And defense officials here believe that North Korea continues to build up its capacity to carry out cyber attacks. They say that the cyber attack team inside North Korea is 6,800 people strong -- Dave.

BRIGGS: Wow. And more than 300,000 worldwide users impacted by that cyber attack.

Alex, thank you.

ROMANS: All right, desperate attempts to contain the world's biggest cyber attack appear to be working. The infection did not spread as much as law enforcement expected yesterday. Still, the virus that hit 150 countries was a wake-up call for the world and investors.

Cybersecurity stocks, Dave, look at that, Monday, big jumps there for companies like Palo Alto Networks, Symantec and FireEye. Cybersecurity is a big and growing business. Funds for the sector are up about 35 percent in the past year.

[04:25:03] The latest attack, which locked computers and demands payment to open them, it targeted machines running Microsoft Windows without up-to-date security. In an unusual move, Microsoft -- Microsoft swiping at the U.S. government for the attack. That's because the tools used in this malware were stolen from the NSA. Microsoft president Brad Smith telling CNN, that's why we need new rules about government stockpiling cyber weapons. (BEGIN VIDEO CLIP)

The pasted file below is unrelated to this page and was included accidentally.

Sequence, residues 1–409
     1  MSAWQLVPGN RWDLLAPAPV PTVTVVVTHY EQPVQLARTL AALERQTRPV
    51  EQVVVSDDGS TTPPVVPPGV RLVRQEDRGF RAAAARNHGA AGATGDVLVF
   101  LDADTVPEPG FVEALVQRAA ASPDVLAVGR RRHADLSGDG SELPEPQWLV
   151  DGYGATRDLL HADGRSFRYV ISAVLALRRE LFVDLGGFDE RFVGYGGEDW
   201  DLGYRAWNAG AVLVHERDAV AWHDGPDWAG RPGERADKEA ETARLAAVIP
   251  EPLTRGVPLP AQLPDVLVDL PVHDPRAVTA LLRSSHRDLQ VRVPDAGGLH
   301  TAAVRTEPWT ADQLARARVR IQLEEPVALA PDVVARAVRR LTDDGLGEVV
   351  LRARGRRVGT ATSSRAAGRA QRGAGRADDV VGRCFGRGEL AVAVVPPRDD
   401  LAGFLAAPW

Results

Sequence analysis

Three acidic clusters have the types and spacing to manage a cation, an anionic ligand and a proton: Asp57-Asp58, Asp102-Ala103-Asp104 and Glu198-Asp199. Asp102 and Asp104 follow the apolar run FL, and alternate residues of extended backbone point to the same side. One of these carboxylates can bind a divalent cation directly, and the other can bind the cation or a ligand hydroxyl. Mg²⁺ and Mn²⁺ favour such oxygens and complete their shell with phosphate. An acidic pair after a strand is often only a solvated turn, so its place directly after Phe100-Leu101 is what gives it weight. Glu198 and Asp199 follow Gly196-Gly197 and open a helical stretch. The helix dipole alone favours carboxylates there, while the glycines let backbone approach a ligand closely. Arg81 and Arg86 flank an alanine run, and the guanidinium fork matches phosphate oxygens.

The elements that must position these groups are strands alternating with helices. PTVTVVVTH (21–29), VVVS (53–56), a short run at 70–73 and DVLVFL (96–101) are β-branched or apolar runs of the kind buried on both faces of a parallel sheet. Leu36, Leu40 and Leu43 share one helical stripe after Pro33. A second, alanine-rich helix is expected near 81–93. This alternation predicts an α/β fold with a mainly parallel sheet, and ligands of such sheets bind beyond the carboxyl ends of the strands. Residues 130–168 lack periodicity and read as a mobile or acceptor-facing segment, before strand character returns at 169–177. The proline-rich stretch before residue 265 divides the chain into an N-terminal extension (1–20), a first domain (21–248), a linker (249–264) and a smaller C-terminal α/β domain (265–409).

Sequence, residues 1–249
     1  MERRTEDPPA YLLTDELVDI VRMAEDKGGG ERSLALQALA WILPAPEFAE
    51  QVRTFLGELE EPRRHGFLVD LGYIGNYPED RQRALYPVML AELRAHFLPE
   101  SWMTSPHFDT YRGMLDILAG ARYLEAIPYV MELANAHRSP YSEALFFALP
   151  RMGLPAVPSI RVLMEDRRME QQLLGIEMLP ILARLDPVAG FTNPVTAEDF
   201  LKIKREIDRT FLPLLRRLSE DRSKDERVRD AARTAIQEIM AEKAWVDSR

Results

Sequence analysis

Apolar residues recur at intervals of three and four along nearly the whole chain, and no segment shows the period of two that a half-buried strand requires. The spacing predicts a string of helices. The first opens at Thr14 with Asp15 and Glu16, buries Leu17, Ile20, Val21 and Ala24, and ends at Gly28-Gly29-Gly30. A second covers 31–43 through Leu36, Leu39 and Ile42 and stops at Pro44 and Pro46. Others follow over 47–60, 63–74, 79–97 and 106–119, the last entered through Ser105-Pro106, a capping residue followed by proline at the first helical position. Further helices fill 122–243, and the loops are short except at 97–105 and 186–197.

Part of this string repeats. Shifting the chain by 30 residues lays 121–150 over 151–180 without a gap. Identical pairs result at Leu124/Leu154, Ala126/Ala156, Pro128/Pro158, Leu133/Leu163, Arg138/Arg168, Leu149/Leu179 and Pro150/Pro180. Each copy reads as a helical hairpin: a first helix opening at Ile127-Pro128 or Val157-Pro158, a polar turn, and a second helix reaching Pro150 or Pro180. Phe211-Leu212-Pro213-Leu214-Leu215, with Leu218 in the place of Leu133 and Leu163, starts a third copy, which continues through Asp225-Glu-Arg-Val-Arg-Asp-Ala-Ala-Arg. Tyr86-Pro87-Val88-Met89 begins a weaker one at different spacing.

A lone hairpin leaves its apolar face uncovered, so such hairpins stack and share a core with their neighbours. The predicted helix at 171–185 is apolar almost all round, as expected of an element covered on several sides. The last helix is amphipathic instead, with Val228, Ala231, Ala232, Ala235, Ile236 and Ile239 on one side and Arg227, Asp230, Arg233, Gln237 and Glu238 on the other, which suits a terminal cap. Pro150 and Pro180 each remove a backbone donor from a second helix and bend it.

BRAD SMITH, MICROSOFT PRESIDENT & CHIEF LEGAL OFFICER: One of these rules should actually put new restraints on governments so that they're not hoarding these vulnerabilities, they're not creating all of these exploits, and when they are, that they're keeping them secure.


ROMANS: He added that Microsoft wants a digital Geneva Convention for cyber weapons.

So, imagine, you know, governments can see these vulnerabilities in, you know, operating systems are the global economy, basically, has them, sees them, could use them if they wanted. Maybe don't. They're just stockpiling it as a cyber weapon, but then it's hacked or leaked and then it's out there.

BRIGGS: We still don't know if it was hacked or leaked by the NSA.

ROMANS: We don't know. We don't know.

BRIGGS: Cybersecurity, the emerging economy.


BRIGGS: Global.

All right, talk about mixed messages from the White House --


TRUMP: We can't have someone in the Oval Office who doesn't understand the meaning of the word confidential or classified.


BRIGGS: What a difference eight months makes. The president himself now accusing divulging classified information to the Russians.